And that’s that as far as Cap’s super-strength is concerned (not that it won’t seem that he still has it from time to time, as creators stretch the boundaries of even peak human strength).
Below, Cap shows that you don’t need super-strength to take out a blowhard (in an unusually lighthearted moment).
When Cap discovers the man behind the grape-flavored goons, it is one more piece to the puzzle that is his past… not as Steve Rogers before Project Rebirth, but the little sliver of his past connecting his “death” over the English Channel and his discovery in the waters off of Newfoundland.
Don’t worry if you don’t remember Dekker… he’s new (though not to Cap). And his secrets will be revealed in upcoming issues (covered in the next post), but for now, he just wants to show off his project for the school science fair.
Captain America (vol. 1) #216, December 1977: New page by Roy Thomas (writer), Dave Cockrum (pencils), Frank Giacoia (inks), ??? (colors), Irving Watanabe (letters). (More details at Marvel Database.)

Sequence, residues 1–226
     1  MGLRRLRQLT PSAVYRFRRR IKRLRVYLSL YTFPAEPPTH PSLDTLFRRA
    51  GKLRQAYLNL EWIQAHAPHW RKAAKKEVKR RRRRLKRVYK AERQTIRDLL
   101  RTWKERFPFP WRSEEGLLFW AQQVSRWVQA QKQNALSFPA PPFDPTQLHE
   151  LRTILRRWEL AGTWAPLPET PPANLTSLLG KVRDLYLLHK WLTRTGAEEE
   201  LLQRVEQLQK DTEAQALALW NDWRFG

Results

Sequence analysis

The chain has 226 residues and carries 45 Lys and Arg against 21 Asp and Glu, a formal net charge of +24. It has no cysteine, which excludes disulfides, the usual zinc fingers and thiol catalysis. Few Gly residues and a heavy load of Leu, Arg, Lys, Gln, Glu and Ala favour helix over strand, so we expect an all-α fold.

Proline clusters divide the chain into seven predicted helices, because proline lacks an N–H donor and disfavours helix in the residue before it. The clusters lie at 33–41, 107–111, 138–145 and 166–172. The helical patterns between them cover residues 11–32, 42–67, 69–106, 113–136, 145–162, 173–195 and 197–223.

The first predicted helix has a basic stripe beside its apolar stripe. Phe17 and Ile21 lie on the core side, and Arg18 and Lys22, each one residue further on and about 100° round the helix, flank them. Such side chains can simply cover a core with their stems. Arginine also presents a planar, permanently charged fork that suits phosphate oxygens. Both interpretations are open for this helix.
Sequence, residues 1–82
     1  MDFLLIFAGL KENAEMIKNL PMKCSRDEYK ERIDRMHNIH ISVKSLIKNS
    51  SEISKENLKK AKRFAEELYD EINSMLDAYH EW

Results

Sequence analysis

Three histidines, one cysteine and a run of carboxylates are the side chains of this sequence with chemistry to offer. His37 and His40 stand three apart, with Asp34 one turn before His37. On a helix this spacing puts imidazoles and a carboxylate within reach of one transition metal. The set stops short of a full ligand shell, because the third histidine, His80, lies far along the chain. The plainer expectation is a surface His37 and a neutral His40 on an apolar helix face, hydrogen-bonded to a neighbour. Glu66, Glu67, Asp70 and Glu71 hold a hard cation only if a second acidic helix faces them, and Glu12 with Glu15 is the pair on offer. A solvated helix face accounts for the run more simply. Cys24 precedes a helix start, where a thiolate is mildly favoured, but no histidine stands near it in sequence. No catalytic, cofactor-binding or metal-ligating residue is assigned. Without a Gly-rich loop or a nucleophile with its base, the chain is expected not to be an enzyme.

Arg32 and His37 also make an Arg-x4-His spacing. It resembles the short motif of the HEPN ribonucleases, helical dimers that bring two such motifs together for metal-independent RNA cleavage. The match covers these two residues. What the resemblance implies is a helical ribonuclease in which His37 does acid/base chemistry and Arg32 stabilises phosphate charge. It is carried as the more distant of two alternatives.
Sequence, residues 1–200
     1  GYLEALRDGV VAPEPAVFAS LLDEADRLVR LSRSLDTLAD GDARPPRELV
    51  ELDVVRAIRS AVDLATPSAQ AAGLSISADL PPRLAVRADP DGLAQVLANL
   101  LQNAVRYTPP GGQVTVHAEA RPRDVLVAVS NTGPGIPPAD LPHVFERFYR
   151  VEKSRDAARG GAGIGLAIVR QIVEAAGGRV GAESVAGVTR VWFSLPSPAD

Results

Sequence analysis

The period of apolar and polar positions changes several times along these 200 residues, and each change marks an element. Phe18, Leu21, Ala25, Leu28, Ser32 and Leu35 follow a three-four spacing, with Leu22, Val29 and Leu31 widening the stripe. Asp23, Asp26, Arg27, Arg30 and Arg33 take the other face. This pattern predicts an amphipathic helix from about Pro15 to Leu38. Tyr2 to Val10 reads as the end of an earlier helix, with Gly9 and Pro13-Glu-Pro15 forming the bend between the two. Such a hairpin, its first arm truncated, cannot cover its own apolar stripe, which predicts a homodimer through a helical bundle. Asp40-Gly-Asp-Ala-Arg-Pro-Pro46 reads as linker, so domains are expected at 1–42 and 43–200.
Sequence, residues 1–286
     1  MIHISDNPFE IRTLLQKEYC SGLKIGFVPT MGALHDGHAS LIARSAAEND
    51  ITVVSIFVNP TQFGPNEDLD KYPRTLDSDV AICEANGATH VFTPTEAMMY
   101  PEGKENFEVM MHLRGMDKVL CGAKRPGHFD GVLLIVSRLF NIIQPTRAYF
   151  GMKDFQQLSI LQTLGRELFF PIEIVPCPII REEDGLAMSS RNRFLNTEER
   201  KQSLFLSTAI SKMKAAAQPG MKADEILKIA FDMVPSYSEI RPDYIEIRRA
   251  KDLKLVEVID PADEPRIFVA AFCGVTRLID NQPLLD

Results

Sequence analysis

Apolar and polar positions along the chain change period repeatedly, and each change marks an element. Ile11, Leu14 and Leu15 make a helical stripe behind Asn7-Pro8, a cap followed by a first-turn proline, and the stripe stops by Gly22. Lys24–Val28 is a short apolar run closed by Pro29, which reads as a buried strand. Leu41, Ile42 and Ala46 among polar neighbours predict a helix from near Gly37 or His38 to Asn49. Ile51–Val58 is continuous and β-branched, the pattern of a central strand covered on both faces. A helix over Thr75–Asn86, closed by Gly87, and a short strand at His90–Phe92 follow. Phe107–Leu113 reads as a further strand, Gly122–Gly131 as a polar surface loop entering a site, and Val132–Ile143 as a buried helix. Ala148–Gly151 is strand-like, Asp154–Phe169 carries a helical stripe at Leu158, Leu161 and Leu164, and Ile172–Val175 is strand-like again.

Captain America (vol. 1) #217, January 1978: Roy Thomas (writer), John Buscema (pencils), Pablo Marcos (inks), Phil Rache (colors), Denise Wohl (letters). (More details at Marvel Database.)
Captain America (vol. 1) #218, February 1978: Don Glut (writer), Sal Buscema (pencils), Mike Esposito and John Tartag (inks), George Roussos (colors), John Costanza (letters). (More details at Marvel Database.)
Not yet collected in color (until Marvel Masterworks: Captain America Volume Twelve is released, that is), but they are collected in black-and-white in Essential Captain America Volume 6.
PREVIOUS ISSUE: Captain America #215 (November 1977)
ALSO THESE MONTHS: Avengers #166 (December 1977), Invaders #23 and 25 (December 1977 and February 1978), and Avengers #167-168 (January-February 1978)
NEXT ISSUES: Captain America #219-221 (March-May 1978)